Observation units help improve emergency department flow and generate savings for the hospitals, but they also can lead to higher bills for patients, The Washington Post and Kaiser Health News reported.
More than a third of hospitals use observation units, double than in 2003. The observation unit targets patients who might otherwise fall through the cracks. Those patients require more care than an emergency visit but not as much care as a full admission, such as a heart attack patient who comes in through the ED but still must undergo blood tests and stress tests in the observation unit,The Washington Post noted.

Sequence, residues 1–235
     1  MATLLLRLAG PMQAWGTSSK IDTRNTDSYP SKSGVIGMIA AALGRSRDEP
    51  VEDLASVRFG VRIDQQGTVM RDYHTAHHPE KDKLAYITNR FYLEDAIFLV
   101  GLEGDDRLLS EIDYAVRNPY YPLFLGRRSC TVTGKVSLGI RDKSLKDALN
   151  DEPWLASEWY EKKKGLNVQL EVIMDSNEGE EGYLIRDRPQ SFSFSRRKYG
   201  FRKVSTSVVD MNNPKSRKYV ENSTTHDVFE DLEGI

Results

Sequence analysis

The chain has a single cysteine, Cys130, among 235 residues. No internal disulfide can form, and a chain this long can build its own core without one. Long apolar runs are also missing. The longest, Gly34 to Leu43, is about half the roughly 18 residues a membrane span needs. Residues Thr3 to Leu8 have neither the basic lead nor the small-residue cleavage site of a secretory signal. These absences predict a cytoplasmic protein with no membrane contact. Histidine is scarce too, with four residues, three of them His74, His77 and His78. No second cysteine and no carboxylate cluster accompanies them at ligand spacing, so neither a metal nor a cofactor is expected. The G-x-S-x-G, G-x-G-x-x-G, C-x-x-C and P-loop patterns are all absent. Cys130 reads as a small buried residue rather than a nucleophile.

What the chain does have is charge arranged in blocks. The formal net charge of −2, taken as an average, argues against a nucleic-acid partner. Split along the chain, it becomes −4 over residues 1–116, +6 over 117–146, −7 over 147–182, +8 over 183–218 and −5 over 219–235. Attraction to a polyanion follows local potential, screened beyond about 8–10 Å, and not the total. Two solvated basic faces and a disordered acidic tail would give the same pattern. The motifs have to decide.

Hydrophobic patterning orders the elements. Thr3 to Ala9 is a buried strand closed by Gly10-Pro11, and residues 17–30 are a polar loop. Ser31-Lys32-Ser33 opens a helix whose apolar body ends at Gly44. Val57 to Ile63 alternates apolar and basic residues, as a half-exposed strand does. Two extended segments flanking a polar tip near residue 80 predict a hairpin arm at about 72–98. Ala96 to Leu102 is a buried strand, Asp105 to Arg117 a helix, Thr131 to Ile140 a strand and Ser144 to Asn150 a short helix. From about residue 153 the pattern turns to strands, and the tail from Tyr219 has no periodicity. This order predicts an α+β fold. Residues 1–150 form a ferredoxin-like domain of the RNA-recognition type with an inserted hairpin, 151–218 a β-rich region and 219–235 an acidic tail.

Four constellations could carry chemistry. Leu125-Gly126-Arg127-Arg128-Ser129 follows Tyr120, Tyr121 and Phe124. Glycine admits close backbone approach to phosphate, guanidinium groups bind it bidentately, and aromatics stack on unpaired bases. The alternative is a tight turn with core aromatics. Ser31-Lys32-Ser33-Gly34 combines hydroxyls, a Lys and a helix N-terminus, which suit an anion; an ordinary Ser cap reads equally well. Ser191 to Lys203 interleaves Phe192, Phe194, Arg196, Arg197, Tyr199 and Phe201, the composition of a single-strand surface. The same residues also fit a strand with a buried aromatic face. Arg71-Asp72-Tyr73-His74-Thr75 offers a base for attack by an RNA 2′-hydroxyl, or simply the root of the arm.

According to a November 2012 study in the Journal of Stroke & Cerebrovascular Diseases, patients referred to an observation unit were discharged 38 hours sooner than inpatients, costing the hospital a median $2,092 per patient, compared with $4,922.
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